A preferred embodiment of the prosthetic ankle joint is illustrated in FIG. 1-4. In the preferred embodiment, the upper housing 1 and lower housing 2 would be comprised of a a light-weight metal or composite, such as titanium or carbon fiber. The housings will be connected by an axis 3 which also allows free rotation. The anterior chamber 6 is located in front of the axis and is directly positioned above the corresponding area of the articular surface 7 on the lower housing. Likewise, a posterior chamber 9 is located behind the axis and is directly positioned above the corresponding area of the same articular surface. An anterior element 12 and posterior element 13 can be placed within their respective chambers to act upon the articular surface. In the preferred embodiment, the anterior and posterior elements are rigid pins with a compressible material at the end in contact with the articular surface. However, the elements can be exchanged with springs, compressible material, ball bearings, or other types of pins which may be comprised of a myriad of different materials or combinations of different materials. The different elements are manipulated within the chambers by the respective anterior element retainer 10 and posterior element retainer 11. In the preferred embodiment, the element retainers are alien screws which are threaded into the chambers. However, the element retainers can consist of any other material that securely holds the chamber elements in their selected positions, such as, plastic, metal or composites. In addition, the element retainers can be shaped to be easily manipulated like a key by the user. The upper receptacle 4 is shaped to allow for attachment to an industry standard tube clamp adapter 15 and pylon 8.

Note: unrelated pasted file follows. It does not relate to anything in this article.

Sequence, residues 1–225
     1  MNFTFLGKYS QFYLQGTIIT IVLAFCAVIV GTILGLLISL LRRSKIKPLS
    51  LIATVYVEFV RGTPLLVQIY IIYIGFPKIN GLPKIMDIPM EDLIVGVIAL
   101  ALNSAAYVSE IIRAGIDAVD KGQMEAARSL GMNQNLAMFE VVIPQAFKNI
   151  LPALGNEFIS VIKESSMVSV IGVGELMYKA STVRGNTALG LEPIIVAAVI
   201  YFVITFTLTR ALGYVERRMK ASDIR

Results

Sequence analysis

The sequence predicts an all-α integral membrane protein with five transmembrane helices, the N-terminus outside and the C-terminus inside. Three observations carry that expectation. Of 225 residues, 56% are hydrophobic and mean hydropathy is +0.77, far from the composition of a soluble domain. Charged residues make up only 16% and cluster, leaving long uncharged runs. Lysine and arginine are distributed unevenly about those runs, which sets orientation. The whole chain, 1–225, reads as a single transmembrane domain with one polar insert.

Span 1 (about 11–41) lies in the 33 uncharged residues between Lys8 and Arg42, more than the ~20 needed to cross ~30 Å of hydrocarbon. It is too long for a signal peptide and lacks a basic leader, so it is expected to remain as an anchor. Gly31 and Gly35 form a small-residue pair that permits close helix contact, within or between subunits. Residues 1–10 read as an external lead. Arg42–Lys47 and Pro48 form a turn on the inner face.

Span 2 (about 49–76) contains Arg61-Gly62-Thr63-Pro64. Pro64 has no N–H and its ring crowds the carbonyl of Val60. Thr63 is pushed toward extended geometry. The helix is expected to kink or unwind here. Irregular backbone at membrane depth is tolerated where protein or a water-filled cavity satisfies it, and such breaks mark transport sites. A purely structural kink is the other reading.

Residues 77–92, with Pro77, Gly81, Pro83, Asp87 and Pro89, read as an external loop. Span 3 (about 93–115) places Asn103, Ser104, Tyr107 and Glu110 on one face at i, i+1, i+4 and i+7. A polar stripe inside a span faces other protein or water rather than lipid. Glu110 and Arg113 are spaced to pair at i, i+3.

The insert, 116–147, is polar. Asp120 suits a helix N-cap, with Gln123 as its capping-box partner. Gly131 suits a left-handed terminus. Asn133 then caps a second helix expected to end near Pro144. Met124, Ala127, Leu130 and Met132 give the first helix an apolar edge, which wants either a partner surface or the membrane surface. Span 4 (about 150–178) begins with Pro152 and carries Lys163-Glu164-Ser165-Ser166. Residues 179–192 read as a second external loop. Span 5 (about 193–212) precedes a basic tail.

The articular surface of the lower housing fits neatly within the upper housing and is shaped to be perpendicular to the elements acting upon it with the housings in a vertical alignment. However, the articular surface of the lower housing can be shaped in different ways to maximize its performance or to optimally contact the chamber elements if the chamber positions are relocated within the upper housing. In the preferred embodiment, the lower receptacle 14 is drilled to accept an industry standard foot bolt 18 which connects the prosthetic foot 16 to the ankle joint. However, the lower receptacle can be adapted to accept a compatible pyramid of a prosthetic foot which is similar to the upper receptacle previously described.
 A motion means 5 can be seen spanning the ankle joint axis and held in place by way of a motion means attachment 17 at each of its ends. In the preferred embodiment, there are two motion means which are comprised of a highly elastic material. However, a number of different motion means can be attached to the ankle joint housings in different positions and may be comprised of materials with varying durometers and elastic properties.